WASHINGTON: President Barack Obama will huddle with the leaders of Germany, Britain, Italy and France next week in hopes of making “incremental progress” in the fight against the Islamic State group, the White House said Thursday.
The leaders will gather in Turkey on the sidelines of the Group of 20 economic summit, regrouping after diplomats emerge from a second round of talks on Syria’s crisis over the weekend in Vienna. But Susan Rice, Obama’s national security adviser, suggested a major breakthrough was unlikely.
“I don’t think anybody expects a single outcome that all of a sudden readily resolves all of these difficult issues,” Rice said.
Russia, which is circulating a new proposal to end the Syrian conflict, won’t participate in the meeting in Turkey, and Obama had no plans to hold a formal meeting with Russian President Vladimir Putin while both are in Antalya, Turkey, for the G20 summit. Still, Rice said Obama and Putin would have “ample opportunity for discussion” during informal run-ins at the summit.
Obama’s longtime antagonist, Putin is coming to the annual gathering of the world’s 20 largest economies in a stronger position than last year, when he left the summit early as world leaders took turns railing against his actions in Ukraine.
Efforts by the U.S. and European countries to punish Russia with economic sanctions have done little to change Putin’s approach in Ukraine. And in recent weeks, Putin has re-emerged as a key player in the Syria conflict, opening an air campaign against groups fighting Syria’s government and now drafting a plan for a lengthy political transition.
The White House said Ukraine was also on the agenda when Obama meets with Western European leaders.
The president departs on Saturday for a trip to Turkey, Malaysia and the Philippines, aimed in large part at bolster his campaign to realign U.S. engagement overseas toward Asia. Aside from attending a trio of economic summits, Obama’s key goal for the trip is to promote the Trans-Pacific Partnership trade deal the U.S. recently struck with nations in the Asia-Pacific and in North America. He also hopes to rally support for a global climate deal that world leaders hope to finalize in Paris within weeks.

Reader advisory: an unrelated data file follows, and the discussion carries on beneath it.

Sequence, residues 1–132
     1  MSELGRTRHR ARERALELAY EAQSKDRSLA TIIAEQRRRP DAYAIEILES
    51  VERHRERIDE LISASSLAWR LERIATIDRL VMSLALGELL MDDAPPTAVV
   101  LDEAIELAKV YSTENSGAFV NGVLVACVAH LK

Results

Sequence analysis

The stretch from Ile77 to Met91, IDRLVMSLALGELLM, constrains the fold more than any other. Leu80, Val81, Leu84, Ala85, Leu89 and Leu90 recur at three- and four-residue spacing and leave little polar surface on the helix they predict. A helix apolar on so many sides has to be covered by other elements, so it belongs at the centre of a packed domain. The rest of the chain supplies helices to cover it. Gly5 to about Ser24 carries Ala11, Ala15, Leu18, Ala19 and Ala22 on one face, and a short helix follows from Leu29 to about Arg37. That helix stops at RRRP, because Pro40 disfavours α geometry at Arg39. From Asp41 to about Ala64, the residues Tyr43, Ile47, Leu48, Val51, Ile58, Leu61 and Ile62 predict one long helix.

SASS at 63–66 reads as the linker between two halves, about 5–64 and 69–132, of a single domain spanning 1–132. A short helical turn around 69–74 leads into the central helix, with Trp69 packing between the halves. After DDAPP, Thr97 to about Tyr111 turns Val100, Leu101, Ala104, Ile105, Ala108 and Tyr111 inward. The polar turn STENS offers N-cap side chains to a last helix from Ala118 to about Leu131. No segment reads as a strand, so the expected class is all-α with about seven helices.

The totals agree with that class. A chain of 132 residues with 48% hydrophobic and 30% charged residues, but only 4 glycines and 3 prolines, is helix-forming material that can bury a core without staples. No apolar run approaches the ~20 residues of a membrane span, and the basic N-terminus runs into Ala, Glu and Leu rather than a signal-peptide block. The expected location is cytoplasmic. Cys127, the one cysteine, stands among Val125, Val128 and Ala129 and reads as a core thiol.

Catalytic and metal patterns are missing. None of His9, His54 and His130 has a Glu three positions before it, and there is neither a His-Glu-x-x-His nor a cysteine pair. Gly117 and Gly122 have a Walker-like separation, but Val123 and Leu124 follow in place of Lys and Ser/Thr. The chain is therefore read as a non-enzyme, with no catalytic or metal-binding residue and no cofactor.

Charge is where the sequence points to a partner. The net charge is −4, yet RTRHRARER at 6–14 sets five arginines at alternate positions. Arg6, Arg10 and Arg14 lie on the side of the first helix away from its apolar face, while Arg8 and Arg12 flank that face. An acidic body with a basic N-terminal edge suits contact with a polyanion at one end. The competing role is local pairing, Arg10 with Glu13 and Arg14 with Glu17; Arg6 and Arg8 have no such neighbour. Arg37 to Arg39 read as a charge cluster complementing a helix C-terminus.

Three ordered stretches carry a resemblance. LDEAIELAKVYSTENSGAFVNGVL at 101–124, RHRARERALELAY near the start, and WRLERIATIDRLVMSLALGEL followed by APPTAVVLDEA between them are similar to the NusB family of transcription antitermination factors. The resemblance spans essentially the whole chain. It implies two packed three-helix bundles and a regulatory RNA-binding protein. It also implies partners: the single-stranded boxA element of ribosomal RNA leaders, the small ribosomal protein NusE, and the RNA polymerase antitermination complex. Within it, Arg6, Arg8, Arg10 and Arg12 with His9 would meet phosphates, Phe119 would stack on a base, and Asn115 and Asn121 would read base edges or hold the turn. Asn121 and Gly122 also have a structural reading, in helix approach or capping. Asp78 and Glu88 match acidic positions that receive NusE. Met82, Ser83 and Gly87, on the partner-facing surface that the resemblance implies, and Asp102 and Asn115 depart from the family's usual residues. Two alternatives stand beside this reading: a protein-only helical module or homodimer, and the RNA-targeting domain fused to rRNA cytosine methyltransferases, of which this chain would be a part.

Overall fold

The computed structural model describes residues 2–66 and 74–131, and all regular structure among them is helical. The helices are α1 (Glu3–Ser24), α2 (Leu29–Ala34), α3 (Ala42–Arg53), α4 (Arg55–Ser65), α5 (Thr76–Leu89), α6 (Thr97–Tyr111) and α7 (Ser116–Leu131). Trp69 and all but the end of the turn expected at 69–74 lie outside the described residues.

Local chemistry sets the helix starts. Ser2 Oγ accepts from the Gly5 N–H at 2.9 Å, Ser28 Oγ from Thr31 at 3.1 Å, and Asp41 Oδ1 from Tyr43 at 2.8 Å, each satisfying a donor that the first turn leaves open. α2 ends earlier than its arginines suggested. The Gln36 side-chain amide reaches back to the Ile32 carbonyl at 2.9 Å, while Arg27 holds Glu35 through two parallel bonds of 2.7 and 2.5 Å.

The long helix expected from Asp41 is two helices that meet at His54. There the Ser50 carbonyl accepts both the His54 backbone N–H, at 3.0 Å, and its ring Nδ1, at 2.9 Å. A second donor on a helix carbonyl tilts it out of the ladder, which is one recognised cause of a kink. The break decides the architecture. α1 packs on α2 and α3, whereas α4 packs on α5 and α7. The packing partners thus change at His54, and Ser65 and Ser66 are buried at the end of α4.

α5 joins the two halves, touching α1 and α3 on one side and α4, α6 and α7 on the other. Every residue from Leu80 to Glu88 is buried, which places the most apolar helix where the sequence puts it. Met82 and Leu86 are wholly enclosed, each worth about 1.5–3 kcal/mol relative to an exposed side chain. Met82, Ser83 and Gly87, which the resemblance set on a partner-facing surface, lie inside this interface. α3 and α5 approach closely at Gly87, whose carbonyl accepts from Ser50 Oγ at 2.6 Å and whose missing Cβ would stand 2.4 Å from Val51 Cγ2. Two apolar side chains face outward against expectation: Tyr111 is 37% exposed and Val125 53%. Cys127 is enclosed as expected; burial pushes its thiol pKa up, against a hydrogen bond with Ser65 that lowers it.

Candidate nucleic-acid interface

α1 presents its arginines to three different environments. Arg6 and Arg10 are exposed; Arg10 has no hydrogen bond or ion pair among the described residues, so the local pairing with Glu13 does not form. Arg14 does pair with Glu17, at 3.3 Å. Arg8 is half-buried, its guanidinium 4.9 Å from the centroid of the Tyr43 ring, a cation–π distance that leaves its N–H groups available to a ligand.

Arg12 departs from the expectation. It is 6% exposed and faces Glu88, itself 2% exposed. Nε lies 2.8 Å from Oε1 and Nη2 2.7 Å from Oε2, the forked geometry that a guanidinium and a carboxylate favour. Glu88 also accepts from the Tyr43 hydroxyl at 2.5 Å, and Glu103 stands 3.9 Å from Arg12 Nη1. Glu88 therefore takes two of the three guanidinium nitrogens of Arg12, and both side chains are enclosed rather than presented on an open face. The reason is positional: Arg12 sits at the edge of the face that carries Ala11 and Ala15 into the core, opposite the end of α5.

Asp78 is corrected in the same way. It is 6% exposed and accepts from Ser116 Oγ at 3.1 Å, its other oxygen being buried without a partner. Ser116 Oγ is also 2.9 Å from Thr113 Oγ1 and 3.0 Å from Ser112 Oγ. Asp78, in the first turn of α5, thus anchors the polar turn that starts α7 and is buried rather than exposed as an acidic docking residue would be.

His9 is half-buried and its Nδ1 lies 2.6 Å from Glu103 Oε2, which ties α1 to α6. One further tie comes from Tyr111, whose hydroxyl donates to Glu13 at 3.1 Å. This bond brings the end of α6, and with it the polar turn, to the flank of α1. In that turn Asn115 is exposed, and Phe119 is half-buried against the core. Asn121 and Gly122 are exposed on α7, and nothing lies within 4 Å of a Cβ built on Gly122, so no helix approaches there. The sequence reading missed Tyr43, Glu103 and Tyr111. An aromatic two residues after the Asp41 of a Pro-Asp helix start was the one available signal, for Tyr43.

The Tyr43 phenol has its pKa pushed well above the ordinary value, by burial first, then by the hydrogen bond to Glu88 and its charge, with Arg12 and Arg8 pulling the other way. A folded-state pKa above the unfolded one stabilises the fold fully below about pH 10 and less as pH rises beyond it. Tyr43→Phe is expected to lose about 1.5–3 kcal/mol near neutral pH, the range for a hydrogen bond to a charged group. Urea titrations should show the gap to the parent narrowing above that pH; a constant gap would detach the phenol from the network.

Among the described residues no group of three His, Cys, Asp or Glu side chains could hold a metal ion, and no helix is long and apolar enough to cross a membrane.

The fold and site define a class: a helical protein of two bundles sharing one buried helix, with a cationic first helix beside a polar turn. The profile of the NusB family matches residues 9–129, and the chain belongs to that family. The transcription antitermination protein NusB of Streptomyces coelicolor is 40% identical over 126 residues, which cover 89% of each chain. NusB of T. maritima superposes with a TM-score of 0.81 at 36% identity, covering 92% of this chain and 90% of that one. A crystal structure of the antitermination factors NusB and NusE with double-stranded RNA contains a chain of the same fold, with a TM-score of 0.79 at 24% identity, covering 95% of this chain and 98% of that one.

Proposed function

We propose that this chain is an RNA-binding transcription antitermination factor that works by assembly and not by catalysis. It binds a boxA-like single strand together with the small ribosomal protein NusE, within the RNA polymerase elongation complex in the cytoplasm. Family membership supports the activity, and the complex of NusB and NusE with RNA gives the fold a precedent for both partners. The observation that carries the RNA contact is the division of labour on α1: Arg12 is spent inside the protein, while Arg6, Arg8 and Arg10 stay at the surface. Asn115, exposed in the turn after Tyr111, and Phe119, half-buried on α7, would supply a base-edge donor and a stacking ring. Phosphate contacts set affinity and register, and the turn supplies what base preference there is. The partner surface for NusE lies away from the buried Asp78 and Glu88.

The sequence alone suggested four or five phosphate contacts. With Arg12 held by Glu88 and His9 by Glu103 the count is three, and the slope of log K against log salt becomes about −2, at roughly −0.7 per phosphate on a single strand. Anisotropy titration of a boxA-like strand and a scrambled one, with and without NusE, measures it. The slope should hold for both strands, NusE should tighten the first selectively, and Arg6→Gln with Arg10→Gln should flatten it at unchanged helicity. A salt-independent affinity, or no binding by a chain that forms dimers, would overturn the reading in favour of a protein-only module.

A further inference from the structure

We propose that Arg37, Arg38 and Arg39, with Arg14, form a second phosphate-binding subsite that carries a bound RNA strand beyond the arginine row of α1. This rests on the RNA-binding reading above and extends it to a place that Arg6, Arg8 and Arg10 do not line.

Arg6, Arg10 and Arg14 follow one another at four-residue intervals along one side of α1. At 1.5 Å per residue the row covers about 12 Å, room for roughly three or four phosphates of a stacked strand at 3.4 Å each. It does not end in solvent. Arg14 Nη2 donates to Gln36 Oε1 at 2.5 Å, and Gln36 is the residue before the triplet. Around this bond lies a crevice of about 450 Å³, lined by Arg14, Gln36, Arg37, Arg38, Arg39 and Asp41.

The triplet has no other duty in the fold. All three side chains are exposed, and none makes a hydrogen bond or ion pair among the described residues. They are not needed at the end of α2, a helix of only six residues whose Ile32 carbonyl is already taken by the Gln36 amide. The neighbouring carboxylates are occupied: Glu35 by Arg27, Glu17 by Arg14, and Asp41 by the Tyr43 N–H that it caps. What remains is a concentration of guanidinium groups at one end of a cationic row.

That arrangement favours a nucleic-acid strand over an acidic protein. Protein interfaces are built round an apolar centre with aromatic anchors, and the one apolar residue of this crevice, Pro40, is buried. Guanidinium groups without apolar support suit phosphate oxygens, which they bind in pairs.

With those priorities in mind, Obama will also squeeze in a series of smaller sit-downs with leaders of other countries also attending the summits. In Antalya, Obama will meet with Turkish President Recep Tayyip Erdogan, whose party pulled off a surprise victory in recent elections but who faces criticism for a crackdown on media freedoms. In Asia, Obama will hold his first meetings with the newly installed prime ministers of Canada and Australia, and hold separate meetings with the leaders of Malaysia, Japan, Laos, Singapore and the Philippines.
Although Obama won’t meet individually with Chinese President Xi Jinping, the two leaders will cross paths in Manila, amid ongoing tensions over China’s territorial claims in disputed waters off its coast. Ahead of the trip, the White House called for a global “code of conduct” to govern maritime disputes in the South China Sea and elsewhere, with Rice pledging it would be “a central issue of discussion.”
Another pressing theme for Obama’s 9-day trip is the refugee crisis in Europe, which has been inundated by hundreds of thousands of migrants in recent months — many of them from Syria. European leaders have struggled to develop a coordinated response, with some countries building fences, reintroducing border controls and fighting among themselves about the relative burden each host nation should bear.
Although the migrant crisis has hit Europe the hardest, Asian countries have also been affected, a fact Obama intends to highlight during his visit. The White House said that while in Malaysia, Obama would visit a refugee center and call for greater global cooperation to help those fleeing violence.